New York Rollercoaster Rush

It’s human nature to expect constant improvement from others – particularly those we look up to and depend on for entertainment.

David Bowie’s 1980s output was a pale shadow of his 70s stuff. Luis Antonio Valencia isn’t fit to lace Cristiano Ronaldo’s boots. And that Martin Scorsese’s lost his way a bit, hasn’t he?

Few get away with treading water in the entertainment business, and any sign of a retrograde step is mercilessly jumped upon.

You won’t get any such outraged sentiments from us over New York Rollercoaster Rush, but there’s no doubting this is a step back for the series.

One track mind

Still, much of the core Rollercoaster Rush gameplay remains unchanged from previous versions.

You work your way through each of the 99 rollercoaster tracks from a 2D side-on perspective, using ‘6’ and ‘4’ to accelerate and decelerate according to the undulating course design.

Your ‘coaster frequently leaves the tracks, which increases the pleasure of your passengers (and hence your score), but if you rejoin the track at too severe an angle you’ll lose a car or even crash out completely.

It’s a formula that’s as fun and instinctive as ever. Unfortunately, the previous mobile entry – Rollercoaster Revolution – brought with it a number of delightful embellishments that haven’t made the cut.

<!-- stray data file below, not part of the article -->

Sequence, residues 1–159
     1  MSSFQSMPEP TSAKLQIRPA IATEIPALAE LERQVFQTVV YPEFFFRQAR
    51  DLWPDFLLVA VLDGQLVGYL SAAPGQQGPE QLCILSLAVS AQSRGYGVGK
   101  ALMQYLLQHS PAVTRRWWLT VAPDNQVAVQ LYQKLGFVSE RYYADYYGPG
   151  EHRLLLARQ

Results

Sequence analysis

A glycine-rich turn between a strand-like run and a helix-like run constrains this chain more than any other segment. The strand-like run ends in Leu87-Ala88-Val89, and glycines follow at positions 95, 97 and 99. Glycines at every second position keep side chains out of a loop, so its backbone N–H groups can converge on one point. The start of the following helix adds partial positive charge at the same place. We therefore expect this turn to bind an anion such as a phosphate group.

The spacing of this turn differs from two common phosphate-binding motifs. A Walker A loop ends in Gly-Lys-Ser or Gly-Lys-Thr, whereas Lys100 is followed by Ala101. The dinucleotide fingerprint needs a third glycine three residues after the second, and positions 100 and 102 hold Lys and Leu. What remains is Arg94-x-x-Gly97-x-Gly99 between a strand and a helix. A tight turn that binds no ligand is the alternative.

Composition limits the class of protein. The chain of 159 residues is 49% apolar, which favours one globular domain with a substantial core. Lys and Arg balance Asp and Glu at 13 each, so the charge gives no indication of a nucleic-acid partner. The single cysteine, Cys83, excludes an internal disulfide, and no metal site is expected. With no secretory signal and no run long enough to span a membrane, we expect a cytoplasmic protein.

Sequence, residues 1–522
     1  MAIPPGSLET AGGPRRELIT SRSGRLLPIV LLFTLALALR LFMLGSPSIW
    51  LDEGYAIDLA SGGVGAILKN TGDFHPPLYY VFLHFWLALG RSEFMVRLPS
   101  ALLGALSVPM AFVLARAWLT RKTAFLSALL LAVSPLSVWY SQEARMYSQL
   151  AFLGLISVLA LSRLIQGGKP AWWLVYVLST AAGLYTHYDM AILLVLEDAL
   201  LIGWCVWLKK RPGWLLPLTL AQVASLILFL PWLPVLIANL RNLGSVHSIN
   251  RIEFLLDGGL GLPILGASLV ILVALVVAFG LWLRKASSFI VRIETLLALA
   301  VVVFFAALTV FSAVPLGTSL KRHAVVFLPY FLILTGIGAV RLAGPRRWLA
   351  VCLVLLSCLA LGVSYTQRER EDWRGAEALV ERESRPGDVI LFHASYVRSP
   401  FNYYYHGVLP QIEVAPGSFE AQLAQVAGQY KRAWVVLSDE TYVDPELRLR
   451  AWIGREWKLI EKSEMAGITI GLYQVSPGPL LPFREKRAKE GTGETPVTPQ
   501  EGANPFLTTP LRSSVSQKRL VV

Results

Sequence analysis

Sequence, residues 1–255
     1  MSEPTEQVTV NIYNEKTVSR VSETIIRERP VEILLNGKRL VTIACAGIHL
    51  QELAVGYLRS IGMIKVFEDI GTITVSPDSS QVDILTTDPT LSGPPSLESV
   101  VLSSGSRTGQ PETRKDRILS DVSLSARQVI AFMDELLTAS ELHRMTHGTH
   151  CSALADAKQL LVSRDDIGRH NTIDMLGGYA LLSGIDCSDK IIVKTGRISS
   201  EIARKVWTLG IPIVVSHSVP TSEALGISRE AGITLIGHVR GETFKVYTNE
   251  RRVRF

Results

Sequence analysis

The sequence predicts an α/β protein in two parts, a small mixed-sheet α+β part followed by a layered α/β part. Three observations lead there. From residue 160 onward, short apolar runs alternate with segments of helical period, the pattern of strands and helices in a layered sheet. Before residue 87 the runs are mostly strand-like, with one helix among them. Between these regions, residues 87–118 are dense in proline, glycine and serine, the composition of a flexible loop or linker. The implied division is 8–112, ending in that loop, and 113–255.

Off track

That means there are no smiley pick-ups, which were an entertaining way of showing you a more daring (but attainable) route and an effective inducement to return to each level to mop up. There are no power-ups, which served to liven up gameplay that tends to become a little samey after a while.

There’s also the damning fact that the NY theme that New York Rollercoaster Rush sells itself on simply doesn’t make for as stimulating a background as Rollercoaster Revolution’s nine globe trotting regions.

In fact, though the courses change, there are only three distinct areas – suburban, Central Park and downtown Manhattan – which are weakly altered by being able to play them at midday, dusk or night-time.

A whole mode (Survival) has also gotten the chop, as has the ability to pick from several types of rollercoaster car.

It may sound as if we’re being overly harsh on New York Rollercoaster Rush – it’s certainly a fun and finely polished game in typical Digital Chocolate style.

But the fact that it’s a thinly veiled reskin of an older game, Rollercoaster Rush: 99 Tracks, leaves us mildly peeved at the lack of progress.

New York Rollercoaster Rush

Though it retains the familiar bright and breezy Rollercoaster Rush gameplay, this NY version comes across as a rather cynical reskin that overlooks many of the improvements made by its immediate predecessor